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Beyond my skill level

(Not-so-confidential to this years' Hastings Point Workshoppers...)

I keep getting the critique that my main character, Dru, (in Prince(ss)) is a little bit boring. Funny--but kinda boring anyway.

Here are the notes I wrote up about Dru before I started the book:

Hero) Dru (Drustan). Prince of Serilda. A "coaster." Does well with his tutors to avoid getting into trouble, but kind of boring. Desires to please everyone, to make everyone calm and happy. He wants to appease and gratify the whole world. At every turn, this motive should be doubted. He will go through with this stupid idea of his mother's and lie to her to keep her happy. He must learn that lying to keep people happy is a cheater's way. He doesn't want to be King because being King is a hard job, and he doesn't want to decide the path of the whole kingdom. He will eventually bring about the end of the monarchy and set forth a constitution with an electoral government. It will not be the easy path, however, nor the cheater's way.

Oh, yeah. I meant to do that. Make him boring, I mean.

Now, what I wonder is: how do you make a boring character interesting?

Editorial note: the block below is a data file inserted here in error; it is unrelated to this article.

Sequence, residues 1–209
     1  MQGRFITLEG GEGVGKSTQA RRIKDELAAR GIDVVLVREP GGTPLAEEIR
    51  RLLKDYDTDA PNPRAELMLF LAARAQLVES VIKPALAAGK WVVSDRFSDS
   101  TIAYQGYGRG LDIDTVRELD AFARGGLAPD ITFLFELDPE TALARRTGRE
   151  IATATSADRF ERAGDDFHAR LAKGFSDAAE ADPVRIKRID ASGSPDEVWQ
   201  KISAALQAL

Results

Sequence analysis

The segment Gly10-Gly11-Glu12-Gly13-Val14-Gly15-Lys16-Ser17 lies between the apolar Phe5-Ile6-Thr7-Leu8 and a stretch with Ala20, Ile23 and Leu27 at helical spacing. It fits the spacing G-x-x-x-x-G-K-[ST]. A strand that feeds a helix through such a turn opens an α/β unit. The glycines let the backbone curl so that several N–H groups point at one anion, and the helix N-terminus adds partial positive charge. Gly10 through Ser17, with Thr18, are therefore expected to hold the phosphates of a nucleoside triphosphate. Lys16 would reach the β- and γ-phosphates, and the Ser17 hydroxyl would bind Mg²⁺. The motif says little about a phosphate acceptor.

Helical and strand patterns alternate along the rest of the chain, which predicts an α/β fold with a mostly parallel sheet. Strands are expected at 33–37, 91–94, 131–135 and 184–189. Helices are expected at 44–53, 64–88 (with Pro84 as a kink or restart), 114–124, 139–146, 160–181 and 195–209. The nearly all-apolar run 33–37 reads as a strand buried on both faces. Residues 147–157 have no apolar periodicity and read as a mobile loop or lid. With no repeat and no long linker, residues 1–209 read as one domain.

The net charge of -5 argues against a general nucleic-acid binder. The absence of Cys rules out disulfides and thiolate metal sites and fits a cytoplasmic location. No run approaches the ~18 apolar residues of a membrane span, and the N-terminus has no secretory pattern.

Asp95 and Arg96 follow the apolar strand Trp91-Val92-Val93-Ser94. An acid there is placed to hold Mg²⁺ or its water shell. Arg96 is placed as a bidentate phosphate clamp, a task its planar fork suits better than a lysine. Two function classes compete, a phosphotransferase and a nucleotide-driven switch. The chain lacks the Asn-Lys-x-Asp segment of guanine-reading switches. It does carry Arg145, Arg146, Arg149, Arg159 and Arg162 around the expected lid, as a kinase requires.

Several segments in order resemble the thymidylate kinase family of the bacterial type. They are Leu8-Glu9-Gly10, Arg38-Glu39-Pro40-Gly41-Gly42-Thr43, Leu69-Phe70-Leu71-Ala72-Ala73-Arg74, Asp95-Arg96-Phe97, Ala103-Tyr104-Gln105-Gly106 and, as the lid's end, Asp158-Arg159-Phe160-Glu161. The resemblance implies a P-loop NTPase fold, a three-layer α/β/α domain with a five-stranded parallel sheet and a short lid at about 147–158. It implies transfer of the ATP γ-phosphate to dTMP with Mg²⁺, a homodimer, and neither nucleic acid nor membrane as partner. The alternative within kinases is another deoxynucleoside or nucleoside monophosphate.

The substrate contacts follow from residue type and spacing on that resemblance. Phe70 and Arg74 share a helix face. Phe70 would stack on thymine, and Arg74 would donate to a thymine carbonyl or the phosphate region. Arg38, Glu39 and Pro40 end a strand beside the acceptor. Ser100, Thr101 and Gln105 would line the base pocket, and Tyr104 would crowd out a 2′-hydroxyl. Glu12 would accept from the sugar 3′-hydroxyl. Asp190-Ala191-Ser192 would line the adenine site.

I tried to solve this by making the other characters as interesting as possible, and the situation, dialogue, etc. interesting, fast-paced, well-drawn.


Heroine) Phil (Panphila). Electress. A striver. A girl born without privilege. Desires to go to college, have a successful career, and make up for her mother's death and the awkward place she has in her family and the world. To prove she's worthy of being missed. Marriage to Dru would sideline a lot of this, but there's a mercenary streak in her that sees that as a way to impress her family and bring forth a huge change in the world, by influencing Dru.

(Which I kind of forgot as I wrote. I did the character sketches ages before I got down to the brass tacks. I like how Phil changed in the writing--her motivations are more complex, for starters--though I may reincorporate a little of this as I finish the book and rewrite it.)

Sidekick A) Gro. Caught between two worlds, several times over--from tech world and Serilda, mom and dad, princess and commoner. Wants to find a permanent home, create a permanent family. Not to have to transition between worlds all the time. Make her own way in the world on her own merits, and not be "the girl." She will be the first elected president of Serilda.